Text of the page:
Abstract Landscape Painter. Rural Dweller. Lover of Modernist Art and Design.
The days are definitely lengthening. It's great to get up at 6.15am and see light already in the sky and hear the robin singing. In fact, I'm sure that I heard his intermittent stirrings as early as 4.15am the other day! I'm really looking forward to the whole Spring dawn chorus starting again. It's such a brilliant time of year. It feels as if everything lies before you and everything is possible once again. I'm amazed how that hope is built into us as humans, and how we constantly rise to start again, even through very tough times.
This morning I went outside and fed the female pheasant that comes into our garden daily. Every year we get two or three that are regular visitors. The females are so trusting. After seeing me for only a few days they will run to me when I step outside the back door of the cottage. Today she even let me take her photo!
Progress on the poetry-inspired painting has been slow this week. My head has felt as foggy as the morning photo due to an encroaching cold and I've had a number of necessary appointments to attend and trips to make which have kept me out of the studio. I dislike not being able to really get into the flow of my work and unless I've produced something satisfying at the end of the day I don't feel as if I've really done anything. Life is so full of distractions and I understand that administration or hospital appointments are necessary, but unless I'm making a painting I don't feel as if I've done any "proper" work. I've often heard painters say that if they are not painting, then they are thinking about painting. This is definitely true of me. We are a little obsessive to say the least!
By Friday afternoon, however, I managed to finish it. Having a bit of time away may have helped in the end. A period of time away from a piece usually allows me to see it afresh, just for a few seconds, and therefore better determine what is needed. It has a similar effect to turning the painting upside down or looking at it in a a mirror. I couldn't work without a mirror. My brain gets so used to seeing it in one way and needs to be presented with it as something unfamiliar. In this way it can be jolted into working with it afresh.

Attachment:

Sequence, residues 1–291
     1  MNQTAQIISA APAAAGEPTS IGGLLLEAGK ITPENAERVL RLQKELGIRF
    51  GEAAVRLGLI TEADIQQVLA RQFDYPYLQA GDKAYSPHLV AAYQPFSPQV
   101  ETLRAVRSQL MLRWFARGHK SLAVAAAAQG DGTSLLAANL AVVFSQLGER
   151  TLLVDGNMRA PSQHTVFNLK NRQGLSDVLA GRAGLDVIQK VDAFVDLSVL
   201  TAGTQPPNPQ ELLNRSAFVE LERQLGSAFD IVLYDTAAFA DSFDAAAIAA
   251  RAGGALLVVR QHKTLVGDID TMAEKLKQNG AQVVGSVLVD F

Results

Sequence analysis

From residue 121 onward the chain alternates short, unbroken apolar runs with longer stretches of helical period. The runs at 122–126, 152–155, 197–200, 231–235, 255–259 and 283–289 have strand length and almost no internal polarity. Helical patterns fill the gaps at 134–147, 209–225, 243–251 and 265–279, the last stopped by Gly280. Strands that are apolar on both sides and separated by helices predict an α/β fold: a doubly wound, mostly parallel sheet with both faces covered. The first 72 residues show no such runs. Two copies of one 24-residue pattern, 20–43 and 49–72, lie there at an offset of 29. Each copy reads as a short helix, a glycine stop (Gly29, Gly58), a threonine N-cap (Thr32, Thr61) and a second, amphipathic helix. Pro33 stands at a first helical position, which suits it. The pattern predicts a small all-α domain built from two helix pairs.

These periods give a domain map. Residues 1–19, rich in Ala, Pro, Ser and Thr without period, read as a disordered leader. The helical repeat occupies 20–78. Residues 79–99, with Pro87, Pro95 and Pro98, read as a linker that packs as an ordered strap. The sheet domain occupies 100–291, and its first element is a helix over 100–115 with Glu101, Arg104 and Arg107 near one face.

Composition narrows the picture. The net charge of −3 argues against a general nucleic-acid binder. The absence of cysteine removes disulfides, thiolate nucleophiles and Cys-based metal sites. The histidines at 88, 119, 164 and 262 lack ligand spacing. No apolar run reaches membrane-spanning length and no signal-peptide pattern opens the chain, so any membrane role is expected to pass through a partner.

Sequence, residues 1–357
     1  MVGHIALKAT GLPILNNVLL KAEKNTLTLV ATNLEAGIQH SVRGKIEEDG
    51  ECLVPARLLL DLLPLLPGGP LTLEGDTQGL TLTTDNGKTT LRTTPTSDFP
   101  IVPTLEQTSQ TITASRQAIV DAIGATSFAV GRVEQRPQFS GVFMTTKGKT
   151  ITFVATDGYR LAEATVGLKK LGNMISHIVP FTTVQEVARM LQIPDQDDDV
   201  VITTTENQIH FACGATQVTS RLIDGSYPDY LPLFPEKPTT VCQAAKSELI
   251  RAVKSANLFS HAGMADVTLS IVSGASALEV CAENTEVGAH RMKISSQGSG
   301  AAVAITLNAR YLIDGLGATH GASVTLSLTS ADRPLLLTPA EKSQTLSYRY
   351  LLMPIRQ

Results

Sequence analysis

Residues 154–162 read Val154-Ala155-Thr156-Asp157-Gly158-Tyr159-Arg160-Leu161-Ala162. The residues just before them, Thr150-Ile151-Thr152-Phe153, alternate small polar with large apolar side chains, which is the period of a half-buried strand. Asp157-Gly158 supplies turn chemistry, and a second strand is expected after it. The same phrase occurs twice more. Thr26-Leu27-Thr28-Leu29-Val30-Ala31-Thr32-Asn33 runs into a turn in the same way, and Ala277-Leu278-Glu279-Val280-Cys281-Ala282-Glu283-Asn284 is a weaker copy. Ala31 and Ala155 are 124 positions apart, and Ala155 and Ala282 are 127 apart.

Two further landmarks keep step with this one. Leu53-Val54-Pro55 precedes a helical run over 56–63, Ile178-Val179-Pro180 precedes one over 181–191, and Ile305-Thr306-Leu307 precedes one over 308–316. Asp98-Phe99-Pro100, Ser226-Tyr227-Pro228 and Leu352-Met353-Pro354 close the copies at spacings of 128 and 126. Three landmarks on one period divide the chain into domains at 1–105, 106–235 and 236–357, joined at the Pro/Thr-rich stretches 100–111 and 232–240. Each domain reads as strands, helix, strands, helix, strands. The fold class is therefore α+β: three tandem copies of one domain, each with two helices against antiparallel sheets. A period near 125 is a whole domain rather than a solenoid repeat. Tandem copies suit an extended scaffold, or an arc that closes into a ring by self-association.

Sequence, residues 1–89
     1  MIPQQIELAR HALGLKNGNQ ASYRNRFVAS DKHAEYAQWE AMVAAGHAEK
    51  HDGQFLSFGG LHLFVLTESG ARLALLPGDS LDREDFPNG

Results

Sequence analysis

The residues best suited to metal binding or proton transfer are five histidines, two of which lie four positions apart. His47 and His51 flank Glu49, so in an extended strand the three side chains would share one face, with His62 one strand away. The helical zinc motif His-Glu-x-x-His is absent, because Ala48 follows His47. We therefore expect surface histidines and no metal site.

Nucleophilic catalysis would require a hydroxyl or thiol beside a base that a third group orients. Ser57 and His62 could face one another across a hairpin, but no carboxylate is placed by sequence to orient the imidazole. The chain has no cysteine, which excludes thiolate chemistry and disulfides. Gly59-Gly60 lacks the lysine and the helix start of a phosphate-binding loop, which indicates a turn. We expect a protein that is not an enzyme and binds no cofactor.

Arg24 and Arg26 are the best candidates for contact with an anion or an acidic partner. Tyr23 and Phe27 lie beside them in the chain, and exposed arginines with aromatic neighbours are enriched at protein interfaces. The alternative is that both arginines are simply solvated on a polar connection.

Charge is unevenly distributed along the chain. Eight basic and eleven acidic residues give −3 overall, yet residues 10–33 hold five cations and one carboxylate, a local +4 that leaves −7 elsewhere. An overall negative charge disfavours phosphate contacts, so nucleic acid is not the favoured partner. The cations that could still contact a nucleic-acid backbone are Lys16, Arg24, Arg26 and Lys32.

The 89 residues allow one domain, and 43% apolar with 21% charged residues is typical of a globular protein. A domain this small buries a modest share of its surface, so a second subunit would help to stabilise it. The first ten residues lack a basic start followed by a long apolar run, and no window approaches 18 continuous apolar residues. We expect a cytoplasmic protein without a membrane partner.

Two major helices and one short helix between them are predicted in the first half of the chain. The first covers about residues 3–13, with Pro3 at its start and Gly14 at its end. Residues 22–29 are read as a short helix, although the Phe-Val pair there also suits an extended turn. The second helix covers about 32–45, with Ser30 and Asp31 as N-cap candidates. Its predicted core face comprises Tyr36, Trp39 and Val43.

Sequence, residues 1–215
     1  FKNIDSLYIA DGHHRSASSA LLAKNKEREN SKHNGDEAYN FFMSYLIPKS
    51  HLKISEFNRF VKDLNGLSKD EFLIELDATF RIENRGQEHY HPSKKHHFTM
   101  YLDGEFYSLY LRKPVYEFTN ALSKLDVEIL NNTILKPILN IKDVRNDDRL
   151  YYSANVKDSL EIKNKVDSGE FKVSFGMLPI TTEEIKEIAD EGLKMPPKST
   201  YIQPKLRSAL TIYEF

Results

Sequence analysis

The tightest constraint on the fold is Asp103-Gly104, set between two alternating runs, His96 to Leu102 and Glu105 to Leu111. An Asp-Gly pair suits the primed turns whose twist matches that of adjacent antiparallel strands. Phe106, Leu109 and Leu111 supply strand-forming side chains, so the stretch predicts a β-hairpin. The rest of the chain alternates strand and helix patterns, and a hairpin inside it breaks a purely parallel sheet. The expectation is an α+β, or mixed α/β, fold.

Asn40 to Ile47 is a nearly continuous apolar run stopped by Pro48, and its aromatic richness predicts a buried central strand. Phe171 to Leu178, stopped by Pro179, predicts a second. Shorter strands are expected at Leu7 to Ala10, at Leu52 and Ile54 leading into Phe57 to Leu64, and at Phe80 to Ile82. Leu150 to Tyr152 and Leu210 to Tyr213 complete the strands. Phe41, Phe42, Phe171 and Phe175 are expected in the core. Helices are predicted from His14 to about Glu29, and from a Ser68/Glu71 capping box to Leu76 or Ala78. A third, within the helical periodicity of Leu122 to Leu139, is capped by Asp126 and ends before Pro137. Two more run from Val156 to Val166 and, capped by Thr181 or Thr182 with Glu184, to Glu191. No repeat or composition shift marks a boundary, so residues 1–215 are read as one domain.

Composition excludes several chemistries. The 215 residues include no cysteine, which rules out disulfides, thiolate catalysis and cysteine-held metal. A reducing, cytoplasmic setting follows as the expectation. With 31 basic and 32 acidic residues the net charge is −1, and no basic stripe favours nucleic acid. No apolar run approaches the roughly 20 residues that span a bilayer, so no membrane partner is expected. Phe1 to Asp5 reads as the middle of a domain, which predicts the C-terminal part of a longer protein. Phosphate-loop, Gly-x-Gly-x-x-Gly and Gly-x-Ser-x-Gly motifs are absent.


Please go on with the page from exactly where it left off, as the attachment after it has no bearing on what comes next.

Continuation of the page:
I also had to sacrifice one particular area that I had been hanging onto. I've noticed that this is often the case. It is very difficult to do late on in a piece of work, and I therefore try not to become too attached to any one area early on, as everything has be constantly up for grabs if I am to make a successful whole. I had been hanging onto one key area all week, but as soon as I bit the bullet and painted over it with a broad sweep, the whole painting became more alive. The vitality of the brushwork showed and the composition began to hang together as one piece. I am continuing to try to produce simpler paintings, and to this end I find that removing areas in this way works well. There is the added bonus that the new, simpler, area is rich in character as it contains several previous layers underneath. All of this adds to the depth of colour and texture.
All text and images ©2013 Carol Saunderson